CoreNet Panel: For Complete Green Strategy, Firms Must Go Mobile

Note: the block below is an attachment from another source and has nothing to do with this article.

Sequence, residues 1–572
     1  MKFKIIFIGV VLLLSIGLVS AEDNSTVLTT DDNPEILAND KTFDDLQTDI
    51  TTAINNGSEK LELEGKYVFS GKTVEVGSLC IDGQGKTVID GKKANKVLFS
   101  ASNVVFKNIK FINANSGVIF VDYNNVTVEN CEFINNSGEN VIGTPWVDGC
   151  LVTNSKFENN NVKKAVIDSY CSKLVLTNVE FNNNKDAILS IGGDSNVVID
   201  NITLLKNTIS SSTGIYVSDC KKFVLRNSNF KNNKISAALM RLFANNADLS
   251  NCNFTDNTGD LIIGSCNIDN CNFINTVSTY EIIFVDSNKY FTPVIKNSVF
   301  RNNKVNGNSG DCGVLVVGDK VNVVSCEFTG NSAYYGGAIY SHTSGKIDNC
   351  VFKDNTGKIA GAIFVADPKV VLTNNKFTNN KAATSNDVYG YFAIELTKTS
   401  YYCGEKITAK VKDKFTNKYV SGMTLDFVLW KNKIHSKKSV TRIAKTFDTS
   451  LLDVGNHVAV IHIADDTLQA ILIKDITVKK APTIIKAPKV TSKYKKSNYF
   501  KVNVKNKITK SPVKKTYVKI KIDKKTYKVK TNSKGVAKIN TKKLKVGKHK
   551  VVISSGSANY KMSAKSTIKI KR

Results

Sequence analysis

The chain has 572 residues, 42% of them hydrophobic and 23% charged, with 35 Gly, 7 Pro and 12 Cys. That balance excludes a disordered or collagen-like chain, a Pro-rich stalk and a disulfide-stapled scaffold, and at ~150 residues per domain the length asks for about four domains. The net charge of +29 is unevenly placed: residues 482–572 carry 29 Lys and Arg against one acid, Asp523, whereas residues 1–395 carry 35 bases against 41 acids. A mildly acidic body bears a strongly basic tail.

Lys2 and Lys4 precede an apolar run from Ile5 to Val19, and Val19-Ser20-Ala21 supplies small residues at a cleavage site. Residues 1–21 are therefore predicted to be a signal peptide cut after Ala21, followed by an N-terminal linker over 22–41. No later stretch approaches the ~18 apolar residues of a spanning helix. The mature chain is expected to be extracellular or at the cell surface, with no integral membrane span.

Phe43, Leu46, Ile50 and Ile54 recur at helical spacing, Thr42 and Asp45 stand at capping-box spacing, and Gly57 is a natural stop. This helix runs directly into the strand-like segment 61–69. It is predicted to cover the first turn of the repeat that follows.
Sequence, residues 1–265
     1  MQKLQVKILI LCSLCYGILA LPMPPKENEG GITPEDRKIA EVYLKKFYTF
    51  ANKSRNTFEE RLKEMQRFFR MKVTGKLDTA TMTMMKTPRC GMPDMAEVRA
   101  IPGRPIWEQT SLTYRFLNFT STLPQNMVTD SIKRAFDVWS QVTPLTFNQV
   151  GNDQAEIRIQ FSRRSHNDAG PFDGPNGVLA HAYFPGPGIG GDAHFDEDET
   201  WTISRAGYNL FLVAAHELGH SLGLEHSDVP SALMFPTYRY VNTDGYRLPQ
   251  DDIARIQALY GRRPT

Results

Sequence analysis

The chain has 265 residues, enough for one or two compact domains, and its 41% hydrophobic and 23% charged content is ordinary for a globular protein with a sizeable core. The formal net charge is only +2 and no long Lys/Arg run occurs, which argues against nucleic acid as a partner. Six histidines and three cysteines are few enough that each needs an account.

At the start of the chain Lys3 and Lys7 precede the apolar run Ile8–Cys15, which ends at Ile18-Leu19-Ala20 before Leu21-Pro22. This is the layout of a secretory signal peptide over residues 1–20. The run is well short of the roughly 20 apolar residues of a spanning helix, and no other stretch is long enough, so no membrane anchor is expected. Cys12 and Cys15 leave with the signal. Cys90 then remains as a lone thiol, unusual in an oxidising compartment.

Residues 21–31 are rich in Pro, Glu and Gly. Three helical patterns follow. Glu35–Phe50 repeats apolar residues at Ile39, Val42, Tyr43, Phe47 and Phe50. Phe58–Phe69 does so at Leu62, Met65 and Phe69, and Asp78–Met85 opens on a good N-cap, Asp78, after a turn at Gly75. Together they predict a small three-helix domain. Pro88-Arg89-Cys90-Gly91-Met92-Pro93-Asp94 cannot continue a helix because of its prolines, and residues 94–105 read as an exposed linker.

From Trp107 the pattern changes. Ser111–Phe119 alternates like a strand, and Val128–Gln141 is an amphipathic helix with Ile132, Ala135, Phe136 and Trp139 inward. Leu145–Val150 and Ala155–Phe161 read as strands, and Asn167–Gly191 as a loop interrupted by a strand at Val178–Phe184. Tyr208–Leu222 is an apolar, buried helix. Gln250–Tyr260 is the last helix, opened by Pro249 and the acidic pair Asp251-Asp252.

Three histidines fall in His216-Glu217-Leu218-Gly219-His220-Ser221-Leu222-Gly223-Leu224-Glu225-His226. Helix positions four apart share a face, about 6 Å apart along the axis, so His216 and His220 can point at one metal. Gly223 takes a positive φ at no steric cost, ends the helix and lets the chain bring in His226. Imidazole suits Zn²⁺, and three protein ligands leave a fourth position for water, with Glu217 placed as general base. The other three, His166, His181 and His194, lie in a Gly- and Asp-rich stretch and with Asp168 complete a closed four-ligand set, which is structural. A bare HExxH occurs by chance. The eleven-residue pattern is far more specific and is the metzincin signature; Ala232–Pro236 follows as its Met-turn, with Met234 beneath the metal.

A panel at the CoreNet Global Summit in San Diego concluded on Tuesday that U.S. corporations must institute worker mobility programs to substantially reduce their carbon footprints. Approximately 73 million square feet of office space was delivered in the United States in 2007, according to Gervais Tompkin, principal at the architecture firm Gensler. He noted that studies have found have that 55 percent of office space is underutilized. “Think of the squandering of space that represents,” Tompkin said. Chris Hood, program manager of the HP Workplace at Hewlett Packard, said a walk through the average corporation raises a question among many: “Where is everyone?” Instituting a mobility program as a key component of its real estate strategy allowed Hewlett Packard to consolidate 2,846 workers in 451,000 square feet of office space down to 165,000 square feet of office space in the United Kingdom. Four out of five employees at Hewlett Packard expressed satisfaction with the mobility program, and fears that mobile workers would become “disconnected” from the company have not come to pass, Hood said. Also, Hewlett Packard has enjoyed 49 percent energy savings at the site since the consolidation But cutting worker commutes, and the fossil fuel that saves, is a benefit that corporations should focus more on, the panel concluded. State and local governments may also get more into the act, and make corporations more accountable for worker’s commuter habits. Approximately 350 U.S. corporations now have mobility programs of some kind, and another 267 are developing one. Thompkin noted that a LEED Platinum-certified building means a 40 percent reduction in carbon footprint, and Hood and Tompkin said their studies have found that a mobility program could mean a further 26 percent reduction.